Best Ways to Prepare Your Business for a Recession

graph showing a recession As the saying goes in lending circles, the best time to borrow money is when you don’t need it – when things are going well. There is an element of truth to this adage.

The same goes for business planning. The best time to prepare for a recession is when things are going well. This strategy allows you to act deliberately, instead of reacting to circumstances. It gives you the option to implement sustainable strategies to help ensure your business’s survival.

Another reason to plan now is that recessions are difficult to predict. They seldom announce themselves in advance. You can only tell once you are in one – when it’s too late to do much.

This article teaches you:

  • How to improve the resiliency of your business
  • Nine areas that you should look at
  • Strategies to build a cash reserve

#1 Build a cash reserve

The first thing that happens when recessions hit (or are about to hit) is that companies start paying invoices more slowly. Conversely, they also start asking their clients to pay sooner. Ultimately, this scenario affects your cash availability.

Without a good cash reserve, chances are you won’t survive a recession. It’s that simple.

Keep in mind that profitability, cash flow, and cash reserves are entirely different things. Business owners often confuse them. You can have profitable businesses with awful cash flows and no cash reserves.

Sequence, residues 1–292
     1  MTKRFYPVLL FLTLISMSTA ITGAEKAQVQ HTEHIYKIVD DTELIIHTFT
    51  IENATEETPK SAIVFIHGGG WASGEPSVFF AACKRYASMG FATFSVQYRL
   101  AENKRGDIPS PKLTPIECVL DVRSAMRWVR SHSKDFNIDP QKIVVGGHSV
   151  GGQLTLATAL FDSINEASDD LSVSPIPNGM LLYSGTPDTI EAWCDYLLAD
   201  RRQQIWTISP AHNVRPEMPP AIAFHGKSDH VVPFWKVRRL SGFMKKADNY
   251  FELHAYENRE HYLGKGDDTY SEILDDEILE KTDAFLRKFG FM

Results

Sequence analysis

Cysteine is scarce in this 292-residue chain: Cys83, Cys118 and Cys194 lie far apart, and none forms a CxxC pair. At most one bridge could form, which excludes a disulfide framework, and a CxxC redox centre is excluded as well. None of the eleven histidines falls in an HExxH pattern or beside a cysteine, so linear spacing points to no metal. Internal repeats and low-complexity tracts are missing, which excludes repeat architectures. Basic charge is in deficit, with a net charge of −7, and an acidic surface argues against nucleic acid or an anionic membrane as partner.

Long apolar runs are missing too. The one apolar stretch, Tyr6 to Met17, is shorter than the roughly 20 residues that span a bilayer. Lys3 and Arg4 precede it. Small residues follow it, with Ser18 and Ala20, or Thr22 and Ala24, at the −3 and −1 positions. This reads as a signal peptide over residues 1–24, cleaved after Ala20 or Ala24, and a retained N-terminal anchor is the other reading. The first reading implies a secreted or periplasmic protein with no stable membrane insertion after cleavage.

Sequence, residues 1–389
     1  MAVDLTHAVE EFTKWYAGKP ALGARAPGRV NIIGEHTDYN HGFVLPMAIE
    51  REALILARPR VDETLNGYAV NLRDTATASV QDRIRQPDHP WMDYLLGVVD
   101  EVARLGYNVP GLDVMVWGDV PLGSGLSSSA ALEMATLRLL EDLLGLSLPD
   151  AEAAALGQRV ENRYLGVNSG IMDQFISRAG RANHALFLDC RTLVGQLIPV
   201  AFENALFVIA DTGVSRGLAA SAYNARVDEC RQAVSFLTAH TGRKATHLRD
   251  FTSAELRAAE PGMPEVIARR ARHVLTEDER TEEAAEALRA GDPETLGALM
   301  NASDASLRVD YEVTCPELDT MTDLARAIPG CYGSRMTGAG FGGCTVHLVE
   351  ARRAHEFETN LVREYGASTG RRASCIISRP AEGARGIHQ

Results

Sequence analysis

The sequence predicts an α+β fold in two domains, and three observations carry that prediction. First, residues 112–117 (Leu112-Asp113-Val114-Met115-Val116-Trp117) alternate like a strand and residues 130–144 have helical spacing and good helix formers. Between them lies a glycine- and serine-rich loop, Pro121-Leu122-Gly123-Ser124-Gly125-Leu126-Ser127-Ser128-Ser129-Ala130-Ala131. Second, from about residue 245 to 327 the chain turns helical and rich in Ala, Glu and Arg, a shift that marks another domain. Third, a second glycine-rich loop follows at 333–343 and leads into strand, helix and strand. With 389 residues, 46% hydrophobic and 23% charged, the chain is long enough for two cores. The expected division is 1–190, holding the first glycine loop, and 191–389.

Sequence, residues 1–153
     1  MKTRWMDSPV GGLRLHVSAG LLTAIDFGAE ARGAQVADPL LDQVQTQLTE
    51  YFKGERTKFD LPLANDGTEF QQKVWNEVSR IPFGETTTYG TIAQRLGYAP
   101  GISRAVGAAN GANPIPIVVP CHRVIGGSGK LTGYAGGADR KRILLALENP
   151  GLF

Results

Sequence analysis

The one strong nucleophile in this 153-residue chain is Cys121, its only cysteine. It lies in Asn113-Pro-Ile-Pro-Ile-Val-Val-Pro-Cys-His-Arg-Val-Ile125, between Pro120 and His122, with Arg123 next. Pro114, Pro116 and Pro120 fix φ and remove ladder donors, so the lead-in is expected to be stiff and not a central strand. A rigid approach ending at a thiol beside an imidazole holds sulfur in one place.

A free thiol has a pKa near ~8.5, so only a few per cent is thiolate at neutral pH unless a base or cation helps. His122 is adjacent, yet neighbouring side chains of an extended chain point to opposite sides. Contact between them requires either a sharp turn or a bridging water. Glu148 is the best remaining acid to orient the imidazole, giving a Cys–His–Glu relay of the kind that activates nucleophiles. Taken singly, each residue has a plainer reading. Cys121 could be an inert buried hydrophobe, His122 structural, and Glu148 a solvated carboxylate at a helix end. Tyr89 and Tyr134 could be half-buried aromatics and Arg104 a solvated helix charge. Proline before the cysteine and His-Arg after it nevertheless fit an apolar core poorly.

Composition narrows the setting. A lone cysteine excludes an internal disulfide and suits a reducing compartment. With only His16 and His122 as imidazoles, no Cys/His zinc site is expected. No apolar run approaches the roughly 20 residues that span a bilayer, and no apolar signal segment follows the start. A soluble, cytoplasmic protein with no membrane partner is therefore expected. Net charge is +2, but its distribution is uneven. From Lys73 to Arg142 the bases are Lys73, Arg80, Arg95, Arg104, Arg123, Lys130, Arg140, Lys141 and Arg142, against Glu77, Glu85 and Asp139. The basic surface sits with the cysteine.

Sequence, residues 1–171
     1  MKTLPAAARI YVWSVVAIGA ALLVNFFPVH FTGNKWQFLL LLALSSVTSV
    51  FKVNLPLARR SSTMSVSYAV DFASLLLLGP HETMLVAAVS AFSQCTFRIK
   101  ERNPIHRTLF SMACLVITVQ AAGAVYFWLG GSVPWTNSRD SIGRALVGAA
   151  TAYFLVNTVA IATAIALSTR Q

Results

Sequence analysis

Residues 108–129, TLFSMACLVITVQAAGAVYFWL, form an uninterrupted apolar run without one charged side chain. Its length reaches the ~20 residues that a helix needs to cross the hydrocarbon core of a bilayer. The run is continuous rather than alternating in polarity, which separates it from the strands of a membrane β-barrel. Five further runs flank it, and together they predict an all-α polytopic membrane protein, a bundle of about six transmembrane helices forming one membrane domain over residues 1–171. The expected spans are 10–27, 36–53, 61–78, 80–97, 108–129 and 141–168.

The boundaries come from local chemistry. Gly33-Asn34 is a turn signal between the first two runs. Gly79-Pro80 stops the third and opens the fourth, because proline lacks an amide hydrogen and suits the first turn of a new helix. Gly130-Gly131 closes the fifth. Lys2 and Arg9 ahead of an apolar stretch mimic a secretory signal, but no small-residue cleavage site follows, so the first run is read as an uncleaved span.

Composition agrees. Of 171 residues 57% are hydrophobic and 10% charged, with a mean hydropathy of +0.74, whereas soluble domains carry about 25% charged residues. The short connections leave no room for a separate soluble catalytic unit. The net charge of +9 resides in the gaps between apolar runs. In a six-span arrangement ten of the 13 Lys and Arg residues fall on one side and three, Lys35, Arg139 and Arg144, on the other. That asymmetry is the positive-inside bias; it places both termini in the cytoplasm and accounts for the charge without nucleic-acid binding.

The way to build a cash reserve is simple, but not easy. Save some money in a bank account or money market instruments until you have enough to feel comfortable. Consider building a reserve to cover at least three months’ worth of expenses. Six months is better, but that’s just my opinion.

Building a cash reserve is the most important step that you can take.

However, building a reserve has a downside. Money “parked” in a bank account is not working for you. You can’t use it to take on new clients, pay vendors, or cover salaries. The bottom line is that a large reserve can limit your ability to grow. This is a trade-off that you, as a business owner, need to manage.

One way to build a cash reserve and grow your business is to get a revolving financing line. A business line of credit can work very well for this purpose. It allows you to build a reserve while still taking new orders. The trade-off is that the line has a cost, which reduces your profit.

Use the line to pay for business expenses associated with orders. Pay the line back once your customers pay their invoices. This last step is critical. Don’t use the line for anything else.

If you can’t qualify for a line of credit, consider other solutions such as factoring. Factoring allows you to finance slow-paying receivables. This solution improves your cash flow. Factoring is more expensive than bank financing, but it’s easier to get. Learn more about factoring and how it can help your business.